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Introducing a new dog or puppy to existing dog

By November 12, 2018 No Comments

 Introducing a New Dog or Puppy to Existing Dog Household

 

Choosing The New Dog

If the new dog is an adult, try to select a dog that is to the best of your knowledge accustomed to other dogs, (i.e one that is socialised).

You should know your current dog well enough to know how well it gets along with other dogs.

If it is a naturally submissive dog it probably does not matter too much whether the new dog tends toward submission or dominance.

However, if your current dog is dominant dog, your best bet is to acquire a dog that tends towards the submissive and is smaller than your current dog,

Size can be important as your established dog may feel threatened by a newcomer that is a  larger breed.

If possible get a towel, soft toy or a small blanket with the new dogs or puppies smell on it this is especially important with puppies.

Put that into the bed where your existing dog sleeps a few days or a week before bringing the puppy/dog home.

Also, do it the opposite way round and get the smell of your existing dog and put it in with the dog you are rehoming. That is not required with a puppy

If it is a puppy also wear a teeshirt overnight with your smell on it and give or send it to the breeder a few days or a week before you pick up the puppy.

The puppy will bond and accept you much quicker and easier as your scent will be familiar and remembered when in the security of the mother and siblings.

All dogs have what is known as a scent memory. Yours will be a familiar and therefore more acceptable when you take it home.

Introduce your established dog and the new addition in a neutral place, like a park or a neighbour or friends garden. It is better they meet outside then neither should feel cornered, threatened or territorial in that environment. Both dogs should be on a lead. If your current dog is obedience trained, put him/her in a sit or down stay. Allow them to sniff one another and encourage play, discourage all aggression.

This is especially important if you are bringing home a new puppy as the older dogs will think it has found it and will more readily accept the pup when you bring it finally into your house. Se puppies below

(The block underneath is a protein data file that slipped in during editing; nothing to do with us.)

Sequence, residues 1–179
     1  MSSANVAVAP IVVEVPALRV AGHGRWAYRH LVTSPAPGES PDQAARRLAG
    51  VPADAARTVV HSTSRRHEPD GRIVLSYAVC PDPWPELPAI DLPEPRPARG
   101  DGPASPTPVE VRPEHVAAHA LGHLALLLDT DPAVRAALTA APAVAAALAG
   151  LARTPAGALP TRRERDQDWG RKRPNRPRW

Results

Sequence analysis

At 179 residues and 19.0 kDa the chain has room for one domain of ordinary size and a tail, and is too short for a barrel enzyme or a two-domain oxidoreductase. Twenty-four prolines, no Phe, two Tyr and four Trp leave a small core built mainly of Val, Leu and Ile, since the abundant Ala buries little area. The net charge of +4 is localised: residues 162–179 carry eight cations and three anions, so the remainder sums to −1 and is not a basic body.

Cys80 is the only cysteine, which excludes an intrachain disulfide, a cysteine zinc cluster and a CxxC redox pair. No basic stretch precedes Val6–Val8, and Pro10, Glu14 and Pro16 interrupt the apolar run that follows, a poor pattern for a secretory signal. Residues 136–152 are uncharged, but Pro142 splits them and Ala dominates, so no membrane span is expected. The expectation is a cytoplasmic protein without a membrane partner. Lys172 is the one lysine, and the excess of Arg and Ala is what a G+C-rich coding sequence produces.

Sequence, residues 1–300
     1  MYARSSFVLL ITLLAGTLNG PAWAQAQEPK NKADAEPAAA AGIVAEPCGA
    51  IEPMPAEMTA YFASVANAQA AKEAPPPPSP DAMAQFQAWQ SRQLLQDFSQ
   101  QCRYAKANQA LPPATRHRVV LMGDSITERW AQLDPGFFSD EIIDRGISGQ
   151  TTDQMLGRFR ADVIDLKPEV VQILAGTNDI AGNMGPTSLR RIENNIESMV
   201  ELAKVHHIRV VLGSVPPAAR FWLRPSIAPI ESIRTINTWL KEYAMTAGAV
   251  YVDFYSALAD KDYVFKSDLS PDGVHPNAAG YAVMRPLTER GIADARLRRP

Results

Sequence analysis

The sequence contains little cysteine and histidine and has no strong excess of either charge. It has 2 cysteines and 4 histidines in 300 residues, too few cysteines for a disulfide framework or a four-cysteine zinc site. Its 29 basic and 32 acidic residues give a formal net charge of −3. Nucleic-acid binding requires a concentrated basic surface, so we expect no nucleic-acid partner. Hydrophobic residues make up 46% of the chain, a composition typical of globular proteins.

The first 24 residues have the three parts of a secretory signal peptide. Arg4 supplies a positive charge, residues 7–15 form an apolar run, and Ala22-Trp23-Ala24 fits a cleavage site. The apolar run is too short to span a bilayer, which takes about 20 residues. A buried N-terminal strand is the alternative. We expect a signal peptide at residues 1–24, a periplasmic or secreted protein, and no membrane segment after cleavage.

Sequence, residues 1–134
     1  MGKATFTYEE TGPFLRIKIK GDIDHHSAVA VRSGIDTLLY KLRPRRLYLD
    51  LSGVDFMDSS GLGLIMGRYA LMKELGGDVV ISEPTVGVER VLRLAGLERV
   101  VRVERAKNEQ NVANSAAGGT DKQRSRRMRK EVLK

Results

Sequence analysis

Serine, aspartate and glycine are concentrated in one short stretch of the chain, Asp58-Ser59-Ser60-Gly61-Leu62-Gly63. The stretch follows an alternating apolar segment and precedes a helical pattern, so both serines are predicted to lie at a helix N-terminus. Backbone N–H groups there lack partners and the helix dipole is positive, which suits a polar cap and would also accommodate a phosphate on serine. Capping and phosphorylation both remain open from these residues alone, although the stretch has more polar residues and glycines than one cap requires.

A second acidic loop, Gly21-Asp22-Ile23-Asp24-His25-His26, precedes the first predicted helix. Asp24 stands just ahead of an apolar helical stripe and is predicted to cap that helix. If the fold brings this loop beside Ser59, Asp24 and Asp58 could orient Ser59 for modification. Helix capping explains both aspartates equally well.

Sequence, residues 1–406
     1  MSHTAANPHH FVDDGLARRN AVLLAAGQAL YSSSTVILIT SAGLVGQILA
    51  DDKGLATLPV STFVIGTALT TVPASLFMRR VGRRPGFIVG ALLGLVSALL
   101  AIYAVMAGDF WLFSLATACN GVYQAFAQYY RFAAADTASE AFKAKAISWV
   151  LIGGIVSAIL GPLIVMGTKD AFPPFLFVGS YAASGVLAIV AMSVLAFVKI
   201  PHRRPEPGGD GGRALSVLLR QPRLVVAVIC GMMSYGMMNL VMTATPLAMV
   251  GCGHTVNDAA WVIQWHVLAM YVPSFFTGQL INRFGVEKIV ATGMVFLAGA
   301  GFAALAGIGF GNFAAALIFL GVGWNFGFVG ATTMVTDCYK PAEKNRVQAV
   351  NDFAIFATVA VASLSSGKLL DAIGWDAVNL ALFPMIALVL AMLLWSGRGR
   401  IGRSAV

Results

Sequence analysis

Anxiety or Aggression
Should your new dog show anxiety or aggression, take the introduction slow and easy let the dog realise your existing dog is no threat, do not force the situation, allow your established dog to come and sniff the new dog. The new dog should learn to trust the established dog by realising that he is not going to attack him, and your established dog learns that the new dog is acting either submissive or friendly to him. This fosters trust amongst the two animals.

If the dogs want to play, let them. In fact, encourage them, and do not interfere unless you feel you must. If you are in a secure area, you can let both dogs off the lead at this time.

Bringing Them Home
When you get them home the first thing you must do is establish a spot for each dog that is initially physically separated from each other. In other words kennels, crates, or even different rooms. We are always being told never feed the dogs together. I have five dogs and all of them eat at the same time in the same room without any problems.

Having said that do not do that straight away with new and existing doge either adult or puppies until they have really bonded and got to know each other Until that time feed the dogs if possible simultaneously in separated areas, such as one in a crate and one out but in the same room.

I never leave dogs food down longer than ten minutes, This type of free feeding makes dogs picky, as they realise they can eat at any time and wait for the special stuff to come along.

Puppies
Do not just bring the puppy initially into the house to meet your existing dog, as this may cause problems related to territory.

Because the puppy will probably not be vaccinated then you cannot get your existing dog or dogs to meet in a park.

Your best bet is to arrange with a friend or a neighbour to use their garden.

Then gently introduce the existing dog to the puppy, if you have concerns over possible aggression or rejection then this should be on a lead.

Let your older dog find the puppy in the garden, then it will think when you take it home it is because he or she has found it.

Remember to get a toy or a cloth with the puppies scent on and put it in your existing dog’s bed about a week before you pick up your puppy.

Bring what is left of the tee shirt you left with the breeder, it will have the siblings and mothers scent.

Put this it in the puppies bed or crate, you may also want to have a clock ticking and a radio left on to a talk station to give the puppy some comfort and reassurance.

Quality Time
The second thing that is required is that you must be sure to spend quality time with your established dog.

You may even need to increase the frequency of normal activities you would have with your established dog.

This should keep him from feeling misplaced by the newcomer.

Finally, be sure and do activities with both dogs. This encourages the dogs to do fun things together, as well as fostering pack cohesion and communication.

Make sure that both dogs realise you control the household and all the resources in and out of the household. See (1) The Alpha Myth 

They will need to work out their own hierarchy themselves. Do not get involved in this process, as it may cause insecurity and possibly fights and bad feeling.

This is especially true if you support what appears to be the underdog. In a dogs World, position within dogs is not really based on democracy, it is more a benevolent autocracy.

Having said that but they must understand that you are the controller of resources and you are ultimately in charge of all that is good and important. Other links to help you with your new puppy are shown below.